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I'm not sure how to approach this question, but I know it has something to do with taking the derivative of this. Can anyone please help me out?

Let x > 0. Prove that the value of the following expression does not depend on x: $$\int_{0}^{x}\frac{1}{1+t^4} dt + \frac{1}{3}\int_{0}^\frac{1}{x^3} \frac{1}{1+t^\frac{4}{3}} dt$$

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    $\begingroup$ You told yourself how to do this: take the derivative (using the fundamental theorem of calculus, and, for the second integral, the chain rule). Something you find out about the derivative should tell you the sum is constant. $\endgroup$ Commented Feb 10, 2018 at 20:33

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Let $$f(x) := \int_0^x \frac{1}{1+t^4} dt + \frac{1}{3}\int_0^{\frac{1}{x^3}} \frac{1}{1+t^{\frac{4}{3}}} dt$$ Then differentiating, $$f'(x) = \frac{1}{1+x^4} + \frac{1}{3} \left( \frac{1}{1+x^{-4}} \cdot \frac{-3}{x^4} \right) = \frac{1}{1+x^4} - \left( \frac{1}{x^{4} + 1} \right) = 0$$ Hence, since $f'(x) = 0$ for all $x$, $f$ must be constant, so it does not depend on $x$.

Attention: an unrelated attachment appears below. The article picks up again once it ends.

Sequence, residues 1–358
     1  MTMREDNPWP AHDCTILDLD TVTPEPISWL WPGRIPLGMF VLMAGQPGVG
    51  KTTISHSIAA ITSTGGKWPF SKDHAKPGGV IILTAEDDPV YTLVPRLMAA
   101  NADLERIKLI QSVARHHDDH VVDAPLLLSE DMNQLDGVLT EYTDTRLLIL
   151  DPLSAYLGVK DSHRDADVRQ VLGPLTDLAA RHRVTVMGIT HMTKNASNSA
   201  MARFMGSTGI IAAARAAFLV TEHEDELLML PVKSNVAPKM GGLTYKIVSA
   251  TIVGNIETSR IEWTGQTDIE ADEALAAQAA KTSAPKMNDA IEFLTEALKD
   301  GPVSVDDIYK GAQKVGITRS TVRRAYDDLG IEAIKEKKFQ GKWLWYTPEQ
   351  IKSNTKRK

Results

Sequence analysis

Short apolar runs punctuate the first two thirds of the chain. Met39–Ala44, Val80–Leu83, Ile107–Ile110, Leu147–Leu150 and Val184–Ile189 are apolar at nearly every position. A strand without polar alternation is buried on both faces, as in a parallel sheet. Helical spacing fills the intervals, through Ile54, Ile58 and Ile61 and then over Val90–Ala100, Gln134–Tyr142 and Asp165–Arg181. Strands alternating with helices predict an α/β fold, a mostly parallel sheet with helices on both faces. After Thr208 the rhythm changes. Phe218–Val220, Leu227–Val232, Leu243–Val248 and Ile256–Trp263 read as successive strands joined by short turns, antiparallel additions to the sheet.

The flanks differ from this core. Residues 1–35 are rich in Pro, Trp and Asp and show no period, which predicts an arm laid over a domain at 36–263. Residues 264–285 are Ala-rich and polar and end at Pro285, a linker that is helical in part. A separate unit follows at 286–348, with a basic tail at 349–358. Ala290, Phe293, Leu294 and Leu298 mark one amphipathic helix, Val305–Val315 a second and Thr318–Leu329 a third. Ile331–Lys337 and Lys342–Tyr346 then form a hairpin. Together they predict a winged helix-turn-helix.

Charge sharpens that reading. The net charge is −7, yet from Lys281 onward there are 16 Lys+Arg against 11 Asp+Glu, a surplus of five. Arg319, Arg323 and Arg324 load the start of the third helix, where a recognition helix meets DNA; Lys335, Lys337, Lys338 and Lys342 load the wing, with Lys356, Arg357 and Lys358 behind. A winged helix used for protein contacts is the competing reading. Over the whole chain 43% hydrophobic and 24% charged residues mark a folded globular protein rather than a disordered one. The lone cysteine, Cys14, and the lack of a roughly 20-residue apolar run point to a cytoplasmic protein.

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  • $\begingroup$ $\frac{1}{x^3} = x^{-3}$. So, $\frac{1}{1+(x^{-3})^{\frac{4}{3}}} = \frac{1}{1+x^{-4}}$. $\endgroup$
    – James Yang
    Commented Feb 10, 2018 at 20:50
  • $\begingroup$ What do you mean by f must be constant? $\endgroup$
    – winonator
    Commented Feb 10, 2018 at 20:50
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    $\begingroup$ If $f'(x) = 0$ for all $x$, then $f(x) = c$ for some constant c. One can prove this using Mean Value Theorem. $\endgroup$
    – James Yang
    Commented Feb 10, 2018 at 20:51
  • $\begingroup$ Also isn't the second integral supposed to be $\frac{1}{x^4}$ after you multiply it by $\frac{-3}{x^4}$? $\endgroup$
    – winonator
    Commented Feb 10, 2018 at 20:55
  • $\begingroup$ I added one more step to clarify. $\endgroup$
    – James Yang
    Commented Feb 10, 2018 at 20:56

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